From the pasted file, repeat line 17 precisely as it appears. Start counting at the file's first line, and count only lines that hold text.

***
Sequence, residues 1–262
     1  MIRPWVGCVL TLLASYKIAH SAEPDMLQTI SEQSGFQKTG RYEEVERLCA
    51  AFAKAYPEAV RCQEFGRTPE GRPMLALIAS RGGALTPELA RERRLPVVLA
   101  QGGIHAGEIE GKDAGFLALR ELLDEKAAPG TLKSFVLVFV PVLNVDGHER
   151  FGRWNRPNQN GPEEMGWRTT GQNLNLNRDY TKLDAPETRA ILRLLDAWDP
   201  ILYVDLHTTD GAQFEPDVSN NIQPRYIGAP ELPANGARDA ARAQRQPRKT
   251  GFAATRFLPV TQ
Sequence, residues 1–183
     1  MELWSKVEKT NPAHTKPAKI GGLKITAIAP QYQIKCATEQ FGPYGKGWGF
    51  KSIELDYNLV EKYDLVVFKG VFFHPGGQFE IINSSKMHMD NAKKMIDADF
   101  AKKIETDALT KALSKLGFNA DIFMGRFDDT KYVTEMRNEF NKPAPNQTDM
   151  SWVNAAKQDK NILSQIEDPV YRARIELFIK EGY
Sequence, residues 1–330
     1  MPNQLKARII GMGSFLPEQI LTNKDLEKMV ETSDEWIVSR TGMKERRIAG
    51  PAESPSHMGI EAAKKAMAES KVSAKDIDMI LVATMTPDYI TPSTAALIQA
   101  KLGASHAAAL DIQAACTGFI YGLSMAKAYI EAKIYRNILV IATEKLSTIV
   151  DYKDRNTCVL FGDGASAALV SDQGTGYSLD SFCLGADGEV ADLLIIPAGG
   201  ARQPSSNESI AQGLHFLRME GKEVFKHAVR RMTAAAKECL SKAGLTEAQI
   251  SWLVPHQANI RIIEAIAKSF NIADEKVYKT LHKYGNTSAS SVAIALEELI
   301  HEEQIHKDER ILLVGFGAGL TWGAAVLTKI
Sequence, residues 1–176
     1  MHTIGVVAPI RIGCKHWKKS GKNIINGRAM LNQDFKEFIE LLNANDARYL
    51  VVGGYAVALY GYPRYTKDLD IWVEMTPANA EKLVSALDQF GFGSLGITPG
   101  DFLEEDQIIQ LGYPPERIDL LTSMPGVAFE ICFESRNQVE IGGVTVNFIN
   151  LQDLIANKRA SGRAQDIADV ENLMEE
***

   151  DYKDRNTCVL FGDGASAALV SDQGTGYSLD SFCLGADGEV ADLLIIPAGG